Coop, coup and coupe are three words that are pronounced similarly and are spelled similarly, but have very different meanings. We will look at the definition of the words coop, coup and coupe, where the terms come from and some examples of their use in sentences.
A coop is a small pen where poultry is kept, or small animals. In Britain, the word coop may also refer to a wicker basket in which one catches fish. The word coop is derived from the Old English words cype and cypa, which mean basket.
The term coup has three very different definitions. First, coup may describe a sudden and violent overthrow of a government. Second, coup may mean an achievement procured with great difficulty. Third, coup was used to signify a tradition whereby Native Americans touched an enemy without harming him as an act of bravery. This tradition is called counting coup. The word coup is derived from the Old French word coup which means a strike, a blow. The letter p in the word coup is silent, following the French rules of pronunciation.
A coupe is a car that only has two doors. The British English spelling of this word is coupé, though the acute accent over the letter e is being dropped more and more frequently. The word coupe comes from the French term carosse coupé which means cut-off carriage.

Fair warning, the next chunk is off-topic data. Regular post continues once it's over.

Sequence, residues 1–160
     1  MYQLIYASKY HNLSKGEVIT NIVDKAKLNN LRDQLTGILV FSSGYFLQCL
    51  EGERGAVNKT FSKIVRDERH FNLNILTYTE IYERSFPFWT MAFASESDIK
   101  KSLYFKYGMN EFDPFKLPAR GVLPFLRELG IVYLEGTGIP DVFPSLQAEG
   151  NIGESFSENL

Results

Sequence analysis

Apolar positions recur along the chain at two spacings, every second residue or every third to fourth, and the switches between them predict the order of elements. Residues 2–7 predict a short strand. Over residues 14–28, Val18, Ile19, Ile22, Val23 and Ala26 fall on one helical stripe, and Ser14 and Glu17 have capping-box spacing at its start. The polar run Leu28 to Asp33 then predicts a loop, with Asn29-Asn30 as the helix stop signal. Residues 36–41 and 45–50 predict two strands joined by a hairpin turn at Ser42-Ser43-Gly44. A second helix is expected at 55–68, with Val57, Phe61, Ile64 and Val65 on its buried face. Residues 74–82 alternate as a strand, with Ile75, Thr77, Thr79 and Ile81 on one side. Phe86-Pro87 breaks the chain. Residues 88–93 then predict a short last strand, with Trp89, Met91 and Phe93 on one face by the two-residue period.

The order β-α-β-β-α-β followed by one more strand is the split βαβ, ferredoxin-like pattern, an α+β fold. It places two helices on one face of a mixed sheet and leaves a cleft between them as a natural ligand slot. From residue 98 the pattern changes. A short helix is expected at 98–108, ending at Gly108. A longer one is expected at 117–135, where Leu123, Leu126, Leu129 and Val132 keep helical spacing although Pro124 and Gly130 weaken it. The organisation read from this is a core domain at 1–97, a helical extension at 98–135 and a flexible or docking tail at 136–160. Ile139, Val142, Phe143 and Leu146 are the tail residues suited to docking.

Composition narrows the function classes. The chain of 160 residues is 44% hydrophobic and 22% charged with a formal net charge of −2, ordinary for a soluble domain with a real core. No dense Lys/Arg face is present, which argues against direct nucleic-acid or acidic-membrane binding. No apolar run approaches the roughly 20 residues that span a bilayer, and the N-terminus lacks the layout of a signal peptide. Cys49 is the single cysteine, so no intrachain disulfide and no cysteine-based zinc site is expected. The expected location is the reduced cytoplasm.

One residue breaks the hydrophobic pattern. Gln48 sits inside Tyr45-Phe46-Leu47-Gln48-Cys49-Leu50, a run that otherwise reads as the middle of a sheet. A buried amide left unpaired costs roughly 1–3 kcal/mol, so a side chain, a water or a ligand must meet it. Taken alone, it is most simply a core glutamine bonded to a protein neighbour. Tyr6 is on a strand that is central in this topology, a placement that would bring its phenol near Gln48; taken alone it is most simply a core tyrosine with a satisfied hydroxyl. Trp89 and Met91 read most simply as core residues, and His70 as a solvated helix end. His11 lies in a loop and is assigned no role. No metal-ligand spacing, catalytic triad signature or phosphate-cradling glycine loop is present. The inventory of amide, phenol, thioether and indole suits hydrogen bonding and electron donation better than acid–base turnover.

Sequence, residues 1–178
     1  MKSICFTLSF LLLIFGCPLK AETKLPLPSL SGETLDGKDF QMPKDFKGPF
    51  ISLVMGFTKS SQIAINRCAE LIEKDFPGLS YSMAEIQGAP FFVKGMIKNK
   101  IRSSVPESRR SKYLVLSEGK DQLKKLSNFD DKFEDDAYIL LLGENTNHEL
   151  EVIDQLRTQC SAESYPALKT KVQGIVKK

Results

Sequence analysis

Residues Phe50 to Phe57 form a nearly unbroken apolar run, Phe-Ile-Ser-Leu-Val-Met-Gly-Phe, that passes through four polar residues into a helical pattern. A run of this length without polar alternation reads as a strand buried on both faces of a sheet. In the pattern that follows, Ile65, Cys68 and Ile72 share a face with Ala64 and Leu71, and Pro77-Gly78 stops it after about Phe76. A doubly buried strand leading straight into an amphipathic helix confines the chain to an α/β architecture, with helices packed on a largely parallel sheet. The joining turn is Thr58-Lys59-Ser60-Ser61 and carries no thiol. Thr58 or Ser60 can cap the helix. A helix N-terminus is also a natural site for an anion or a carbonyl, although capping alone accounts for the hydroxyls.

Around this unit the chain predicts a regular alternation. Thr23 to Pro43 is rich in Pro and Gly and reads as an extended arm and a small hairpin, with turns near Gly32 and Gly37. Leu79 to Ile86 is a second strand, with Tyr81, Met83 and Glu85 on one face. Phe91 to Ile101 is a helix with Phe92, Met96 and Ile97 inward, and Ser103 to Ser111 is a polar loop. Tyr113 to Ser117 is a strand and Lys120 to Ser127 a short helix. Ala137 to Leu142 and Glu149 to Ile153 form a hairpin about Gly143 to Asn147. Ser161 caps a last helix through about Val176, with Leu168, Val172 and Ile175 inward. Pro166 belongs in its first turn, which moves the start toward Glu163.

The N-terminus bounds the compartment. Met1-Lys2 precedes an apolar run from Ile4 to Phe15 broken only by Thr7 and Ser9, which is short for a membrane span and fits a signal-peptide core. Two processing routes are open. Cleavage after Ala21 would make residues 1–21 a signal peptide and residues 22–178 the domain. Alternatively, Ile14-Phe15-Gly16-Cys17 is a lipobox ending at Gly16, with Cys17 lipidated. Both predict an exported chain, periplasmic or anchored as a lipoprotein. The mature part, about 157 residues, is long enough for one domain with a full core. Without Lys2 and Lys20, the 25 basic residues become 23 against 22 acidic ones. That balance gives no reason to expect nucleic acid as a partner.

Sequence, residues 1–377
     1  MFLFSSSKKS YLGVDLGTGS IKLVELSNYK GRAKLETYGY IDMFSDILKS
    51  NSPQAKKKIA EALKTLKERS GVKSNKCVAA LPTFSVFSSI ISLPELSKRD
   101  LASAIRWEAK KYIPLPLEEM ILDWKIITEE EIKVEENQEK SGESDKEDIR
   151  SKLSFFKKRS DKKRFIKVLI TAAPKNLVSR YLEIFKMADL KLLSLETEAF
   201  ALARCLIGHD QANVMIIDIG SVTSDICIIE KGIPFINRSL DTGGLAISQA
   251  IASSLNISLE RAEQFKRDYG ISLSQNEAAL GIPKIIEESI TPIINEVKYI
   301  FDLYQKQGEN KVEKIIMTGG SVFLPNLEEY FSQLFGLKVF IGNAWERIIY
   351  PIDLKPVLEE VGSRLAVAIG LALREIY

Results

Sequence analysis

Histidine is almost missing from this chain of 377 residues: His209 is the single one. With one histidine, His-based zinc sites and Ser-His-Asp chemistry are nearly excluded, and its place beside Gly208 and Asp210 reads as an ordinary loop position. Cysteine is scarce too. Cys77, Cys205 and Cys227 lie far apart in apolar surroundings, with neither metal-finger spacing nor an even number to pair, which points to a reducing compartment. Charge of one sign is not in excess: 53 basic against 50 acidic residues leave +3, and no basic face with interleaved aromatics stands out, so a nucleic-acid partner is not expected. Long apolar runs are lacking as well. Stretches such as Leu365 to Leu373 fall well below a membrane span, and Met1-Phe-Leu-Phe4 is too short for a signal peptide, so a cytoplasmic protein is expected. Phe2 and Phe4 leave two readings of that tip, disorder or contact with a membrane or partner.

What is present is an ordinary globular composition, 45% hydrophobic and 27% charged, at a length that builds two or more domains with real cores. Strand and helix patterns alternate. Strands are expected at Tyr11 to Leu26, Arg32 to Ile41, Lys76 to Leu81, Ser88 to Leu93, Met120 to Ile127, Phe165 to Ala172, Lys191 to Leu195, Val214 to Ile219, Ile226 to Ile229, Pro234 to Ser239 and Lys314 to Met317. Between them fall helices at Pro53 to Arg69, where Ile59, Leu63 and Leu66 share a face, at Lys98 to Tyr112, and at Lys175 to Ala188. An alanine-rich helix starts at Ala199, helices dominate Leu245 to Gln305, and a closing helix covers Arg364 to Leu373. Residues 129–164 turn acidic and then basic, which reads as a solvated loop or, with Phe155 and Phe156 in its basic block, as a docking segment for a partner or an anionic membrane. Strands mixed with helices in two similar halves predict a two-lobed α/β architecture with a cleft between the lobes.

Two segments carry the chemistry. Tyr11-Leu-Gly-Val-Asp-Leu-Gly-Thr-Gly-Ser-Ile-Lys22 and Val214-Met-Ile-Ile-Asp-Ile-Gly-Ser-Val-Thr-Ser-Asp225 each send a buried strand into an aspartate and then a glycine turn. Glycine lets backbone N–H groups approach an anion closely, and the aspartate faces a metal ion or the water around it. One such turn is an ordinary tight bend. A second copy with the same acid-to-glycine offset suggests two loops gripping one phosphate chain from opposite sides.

State wildlife officials have captured and relocated a grizzly bear after it got into a northwestern Montana chicken coop and fed on grain. (The Billings Gazette)
Venezuela’s congress yesterday declared the government had staged a coup by blocking a drive to recall President Nicolas Maduro in a legislative session interrupted when his supporters stormed the chamber. (The Australian)
Concord resident Joe Himsl’s dream car for many years had been the classic 1946-1948 Ford Coupe with a flathead V-8 engine, which Ford used until 1953. (The East Bay Times)
The precision-honed exterior design and the numerous S-specific details in the interior underscore the dynamic character of the Audi two-door sports coupé. (Automotive World)